While at my previous job, at Klamath Family Practice Center, I always had easy access to an EKG. Just for the record, remember that I am a podiatrist, not a family practice physician, but if I wanted to have an EKG done I would just have a tech do one on me. I have had a fairly long history of arrhythmias, including PACs, PVCs, and even runs of paroxysmal supraventricular tachycardia. But one day when I returned from a 20 mile trail run I was in a particularly persistent arrhythmia and I wondered if it was atrial fibrillation. I had the tech do an EKG and my suspicions were confirmed.
At that point I walked down the hall and went to see my primary care doctor, who is also one of my coworkers, and she recommended Pradaxa, gave me some samples, and made an appointment for me to see my local cardiologist, Dr. Dale McDowell.
Dr. McDowell, with whom I have been a patient for the past twenty years, then examined me, did a stress EKG, told me to continue with the Pradaxa, and advised that I should see an electrophysiologist for consultation.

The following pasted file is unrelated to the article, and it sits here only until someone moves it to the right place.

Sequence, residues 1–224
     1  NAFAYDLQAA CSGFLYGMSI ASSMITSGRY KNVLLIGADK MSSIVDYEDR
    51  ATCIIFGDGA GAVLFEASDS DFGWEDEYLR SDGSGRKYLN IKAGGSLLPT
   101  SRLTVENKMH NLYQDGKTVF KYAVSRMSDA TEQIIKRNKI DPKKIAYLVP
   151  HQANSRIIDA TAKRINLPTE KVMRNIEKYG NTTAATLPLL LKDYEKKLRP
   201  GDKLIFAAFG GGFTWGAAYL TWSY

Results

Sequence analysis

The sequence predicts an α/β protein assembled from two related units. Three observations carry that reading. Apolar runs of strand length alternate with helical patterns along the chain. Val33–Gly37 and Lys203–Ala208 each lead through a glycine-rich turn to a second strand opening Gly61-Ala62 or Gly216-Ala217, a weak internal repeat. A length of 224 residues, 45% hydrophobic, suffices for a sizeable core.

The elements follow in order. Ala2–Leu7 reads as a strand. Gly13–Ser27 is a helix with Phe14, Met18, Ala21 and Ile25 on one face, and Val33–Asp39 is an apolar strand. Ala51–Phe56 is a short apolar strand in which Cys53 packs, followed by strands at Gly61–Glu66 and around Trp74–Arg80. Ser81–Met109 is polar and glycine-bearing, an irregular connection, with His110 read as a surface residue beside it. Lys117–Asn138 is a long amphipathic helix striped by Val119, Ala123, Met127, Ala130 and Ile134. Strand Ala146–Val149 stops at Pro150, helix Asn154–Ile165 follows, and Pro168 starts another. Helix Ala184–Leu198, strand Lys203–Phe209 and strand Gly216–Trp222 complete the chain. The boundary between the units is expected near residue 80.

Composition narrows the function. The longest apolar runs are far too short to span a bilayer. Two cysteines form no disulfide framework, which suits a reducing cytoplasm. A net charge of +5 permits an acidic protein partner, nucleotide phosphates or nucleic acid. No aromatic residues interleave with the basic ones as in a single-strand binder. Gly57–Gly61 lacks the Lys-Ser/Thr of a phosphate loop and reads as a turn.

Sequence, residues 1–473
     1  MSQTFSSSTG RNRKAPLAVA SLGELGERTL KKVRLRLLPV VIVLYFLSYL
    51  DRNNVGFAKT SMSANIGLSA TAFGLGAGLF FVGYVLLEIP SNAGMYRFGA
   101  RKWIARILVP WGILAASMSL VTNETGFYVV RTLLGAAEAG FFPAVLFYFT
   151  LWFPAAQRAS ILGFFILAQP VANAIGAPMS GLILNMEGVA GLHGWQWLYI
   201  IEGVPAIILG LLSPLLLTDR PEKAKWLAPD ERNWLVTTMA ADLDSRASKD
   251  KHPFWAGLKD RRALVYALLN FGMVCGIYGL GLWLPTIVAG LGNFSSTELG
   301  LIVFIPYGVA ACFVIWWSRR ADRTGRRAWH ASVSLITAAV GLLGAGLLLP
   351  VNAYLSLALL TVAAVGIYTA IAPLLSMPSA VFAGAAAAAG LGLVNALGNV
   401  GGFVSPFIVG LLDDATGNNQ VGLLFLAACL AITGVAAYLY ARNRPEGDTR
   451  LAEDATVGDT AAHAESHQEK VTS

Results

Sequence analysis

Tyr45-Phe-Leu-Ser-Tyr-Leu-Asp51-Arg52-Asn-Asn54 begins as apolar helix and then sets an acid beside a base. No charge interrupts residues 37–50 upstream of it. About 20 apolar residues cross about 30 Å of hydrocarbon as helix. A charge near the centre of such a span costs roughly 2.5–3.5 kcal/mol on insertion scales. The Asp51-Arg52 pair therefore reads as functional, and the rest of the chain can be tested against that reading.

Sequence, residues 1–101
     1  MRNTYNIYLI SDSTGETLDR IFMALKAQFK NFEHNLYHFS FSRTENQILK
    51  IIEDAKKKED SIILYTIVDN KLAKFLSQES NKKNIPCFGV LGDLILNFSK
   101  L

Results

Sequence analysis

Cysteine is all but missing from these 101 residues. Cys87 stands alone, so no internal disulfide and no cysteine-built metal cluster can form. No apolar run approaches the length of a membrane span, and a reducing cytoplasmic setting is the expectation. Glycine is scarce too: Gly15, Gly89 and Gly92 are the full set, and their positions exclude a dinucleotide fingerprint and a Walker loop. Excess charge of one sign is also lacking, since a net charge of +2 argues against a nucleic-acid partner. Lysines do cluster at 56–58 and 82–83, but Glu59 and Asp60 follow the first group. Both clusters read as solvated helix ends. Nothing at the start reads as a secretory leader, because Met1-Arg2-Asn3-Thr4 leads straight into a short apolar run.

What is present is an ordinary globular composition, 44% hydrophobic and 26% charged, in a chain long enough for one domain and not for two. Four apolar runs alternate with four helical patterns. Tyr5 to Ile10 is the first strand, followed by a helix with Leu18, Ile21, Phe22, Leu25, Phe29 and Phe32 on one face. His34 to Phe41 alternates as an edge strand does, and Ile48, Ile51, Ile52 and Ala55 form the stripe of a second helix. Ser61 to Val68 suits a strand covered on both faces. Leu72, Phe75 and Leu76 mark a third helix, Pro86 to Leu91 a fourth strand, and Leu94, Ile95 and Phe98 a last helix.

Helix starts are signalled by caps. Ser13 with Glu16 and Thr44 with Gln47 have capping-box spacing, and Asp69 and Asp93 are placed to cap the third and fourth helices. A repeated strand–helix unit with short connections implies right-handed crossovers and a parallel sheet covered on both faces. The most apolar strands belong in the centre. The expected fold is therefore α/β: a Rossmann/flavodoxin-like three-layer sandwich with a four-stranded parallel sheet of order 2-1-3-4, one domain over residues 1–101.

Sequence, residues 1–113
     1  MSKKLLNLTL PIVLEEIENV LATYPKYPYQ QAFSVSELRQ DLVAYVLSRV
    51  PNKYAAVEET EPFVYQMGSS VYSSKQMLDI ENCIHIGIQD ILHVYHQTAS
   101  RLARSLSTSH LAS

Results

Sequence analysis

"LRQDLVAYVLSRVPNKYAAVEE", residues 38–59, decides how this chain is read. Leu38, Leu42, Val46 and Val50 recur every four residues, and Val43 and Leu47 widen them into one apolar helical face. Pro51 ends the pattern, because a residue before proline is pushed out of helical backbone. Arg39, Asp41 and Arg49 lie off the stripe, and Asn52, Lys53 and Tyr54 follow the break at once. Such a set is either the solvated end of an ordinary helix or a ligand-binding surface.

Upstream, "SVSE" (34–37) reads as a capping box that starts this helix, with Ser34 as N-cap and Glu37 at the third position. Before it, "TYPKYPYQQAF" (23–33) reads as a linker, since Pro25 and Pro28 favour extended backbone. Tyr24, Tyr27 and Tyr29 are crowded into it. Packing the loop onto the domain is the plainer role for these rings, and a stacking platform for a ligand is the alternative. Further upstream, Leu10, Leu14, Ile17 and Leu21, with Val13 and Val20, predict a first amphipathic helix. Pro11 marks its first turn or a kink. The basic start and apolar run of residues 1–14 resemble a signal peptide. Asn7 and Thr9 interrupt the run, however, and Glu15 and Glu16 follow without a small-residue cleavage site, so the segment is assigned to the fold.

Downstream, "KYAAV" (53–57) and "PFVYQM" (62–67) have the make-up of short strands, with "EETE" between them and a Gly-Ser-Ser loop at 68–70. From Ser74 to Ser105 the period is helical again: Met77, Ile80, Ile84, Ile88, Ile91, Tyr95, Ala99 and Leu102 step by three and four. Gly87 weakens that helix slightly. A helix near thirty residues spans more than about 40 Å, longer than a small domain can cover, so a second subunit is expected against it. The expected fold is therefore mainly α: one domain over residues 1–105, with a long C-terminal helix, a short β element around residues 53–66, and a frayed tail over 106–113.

We have several cardiologists in Klamath Falls, all of whom are excellent, but we don’t have any electrophysiologists. An electrophysiologist is a subspecialty cardiologist who focuses on arrhythmias, and are the ones who performed the ablations, install pacemakers and defibrillators, and so on. I think their most common patient is probably people like me who have atrial fibrillation.
I had an appointment with David Martin, MD of Southern Oregon Cardiology and I will admit that I was extremely nervous about this appointment, because I was afraid that he would tell me I had to quit running and quit mountain biking. Or at the very least he would tell me to quit running marathons and start running 5Ks. I was also afraid that he was going to put me on a performance killing medication such as a beta blocker, or worse, recommend and ablation procedure which could be quite an ordeal.